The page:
The Los Angeles Dodgers have been sold for $2 billion, owner Frank McCourt announced late Tuesday. Given the fact that he initially purchased the franchise for $430 million before turning it into a bankrupt, losing laughing stock – it’s safe to say that McCourt is coming away as the undeniable big winner of this massive transaction.
Guggenheim Baseball Management (GBM) LLC, a group featuring Los Angeles Lakers legend Magic Johnson and former Washington Nationals President Stan Kasten, ultimately put forth the winning bid for ownership of Los Angeles' favorite baseball team. Other members of the purchasing group include: Mark R. Walter (who will serve as controlling partner), Peter Guber, Bobby Patton and Todd Boehly.
As part of this deal, McCourt and some parties associated with him will reportedly now form a joint venture that will acquire Chavez Ravine for an additional $150 million. According to ESPN Los Angeles' Tony Jackson, this means that "the group will purchase half the Dodger Stadium parking lots, which were deemed to have a total value of $300 million, with McCourt keeping the other half."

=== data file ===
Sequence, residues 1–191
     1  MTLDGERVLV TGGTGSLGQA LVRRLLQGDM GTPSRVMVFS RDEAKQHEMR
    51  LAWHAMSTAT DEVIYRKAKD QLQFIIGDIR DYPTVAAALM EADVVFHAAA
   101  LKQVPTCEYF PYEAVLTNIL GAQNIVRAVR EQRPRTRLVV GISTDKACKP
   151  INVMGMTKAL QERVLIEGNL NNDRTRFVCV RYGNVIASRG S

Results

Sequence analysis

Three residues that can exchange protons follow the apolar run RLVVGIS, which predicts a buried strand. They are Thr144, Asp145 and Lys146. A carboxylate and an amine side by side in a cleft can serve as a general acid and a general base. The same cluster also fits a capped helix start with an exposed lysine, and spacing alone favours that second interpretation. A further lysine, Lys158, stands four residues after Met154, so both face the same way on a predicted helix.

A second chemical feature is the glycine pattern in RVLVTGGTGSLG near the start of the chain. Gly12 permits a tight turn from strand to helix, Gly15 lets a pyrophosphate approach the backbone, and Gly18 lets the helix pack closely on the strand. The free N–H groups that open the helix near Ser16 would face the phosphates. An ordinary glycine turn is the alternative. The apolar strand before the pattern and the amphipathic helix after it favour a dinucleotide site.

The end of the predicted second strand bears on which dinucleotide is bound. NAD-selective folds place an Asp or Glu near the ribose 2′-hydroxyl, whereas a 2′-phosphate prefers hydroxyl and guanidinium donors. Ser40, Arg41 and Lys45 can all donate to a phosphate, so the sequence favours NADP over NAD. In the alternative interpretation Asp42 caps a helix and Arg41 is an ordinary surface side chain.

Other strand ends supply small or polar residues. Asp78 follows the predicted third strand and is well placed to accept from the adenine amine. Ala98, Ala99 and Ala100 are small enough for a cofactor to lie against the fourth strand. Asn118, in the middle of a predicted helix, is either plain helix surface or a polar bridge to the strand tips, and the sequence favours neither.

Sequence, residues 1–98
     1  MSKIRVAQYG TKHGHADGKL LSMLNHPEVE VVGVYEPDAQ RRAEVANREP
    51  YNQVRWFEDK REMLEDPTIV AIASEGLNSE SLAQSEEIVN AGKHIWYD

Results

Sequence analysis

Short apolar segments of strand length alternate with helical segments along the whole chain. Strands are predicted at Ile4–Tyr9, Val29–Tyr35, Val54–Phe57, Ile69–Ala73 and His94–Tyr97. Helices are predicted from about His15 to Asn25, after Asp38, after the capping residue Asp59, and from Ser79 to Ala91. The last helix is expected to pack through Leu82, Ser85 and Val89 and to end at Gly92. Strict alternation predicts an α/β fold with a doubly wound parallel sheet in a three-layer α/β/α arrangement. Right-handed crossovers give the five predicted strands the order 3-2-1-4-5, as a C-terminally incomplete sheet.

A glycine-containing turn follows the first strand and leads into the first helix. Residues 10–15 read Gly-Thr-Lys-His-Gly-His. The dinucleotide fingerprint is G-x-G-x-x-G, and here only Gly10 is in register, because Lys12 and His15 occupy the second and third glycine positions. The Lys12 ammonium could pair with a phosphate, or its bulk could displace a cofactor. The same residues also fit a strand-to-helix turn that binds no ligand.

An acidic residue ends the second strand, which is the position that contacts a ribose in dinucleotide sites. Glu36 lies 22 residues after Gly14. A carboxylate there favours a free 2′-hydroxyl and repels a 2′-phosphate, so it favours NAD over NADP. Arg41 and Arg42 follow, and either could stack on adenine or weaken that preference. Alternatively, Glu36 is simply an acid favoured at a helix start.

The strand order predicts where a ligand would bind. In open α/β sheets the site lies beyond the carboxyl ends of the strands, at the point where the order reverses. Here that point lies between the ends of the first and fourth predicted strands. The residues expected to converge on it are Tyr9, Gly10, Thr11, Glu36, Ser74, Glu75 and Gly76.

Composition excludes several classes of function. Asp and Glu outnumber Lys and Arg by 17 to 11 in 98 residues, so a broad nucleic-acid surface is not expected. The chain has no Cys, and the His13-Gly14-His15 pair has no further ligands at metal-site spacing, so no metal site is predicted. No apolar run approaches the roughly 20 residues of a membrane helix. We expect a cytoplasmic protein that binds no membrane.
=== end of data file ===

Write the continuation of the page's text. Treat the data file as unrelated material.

"This agreement with Guggenheim reflects both the strength and future potential of the Los Angeles Dodgers, and assures that the Dodgers will have new ownership with deep local roots, which bodes well for the Dodgers, its fans and the Los Angeles community," McCourt said in a statement.
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Johnson also released a statement on the deal: "I am thrilled to be part of the historic Dodger franchise and intend to build on the fantastic foundation laid by Frank McCourt as we drive the Dodgers back to the front page of the sports section in our wonderful community of Los Angeles."
Why would anyone pay such a substantial figure for this franchise? CNBC’s Darren Rovell put it best: “The sale price of the Dodgers is based more on future media rights than ticket sales. TV more important than live gate.”
While McCourt -- who was bleeding money prior to this -- is clearly the biggest winner here, don’t discount how great this is for the actual Dodgers organization and all its supporters.
Over the last year, the embarrassing ineptness of the old regime killed any and all enthusiasm for baseball in L.A. in a way that nobody saw coming. This isn’t just clemency for McCourt – it’s wonderful news for folks who loved the Dodgers and were pained to see what the franchise had become in recent times.
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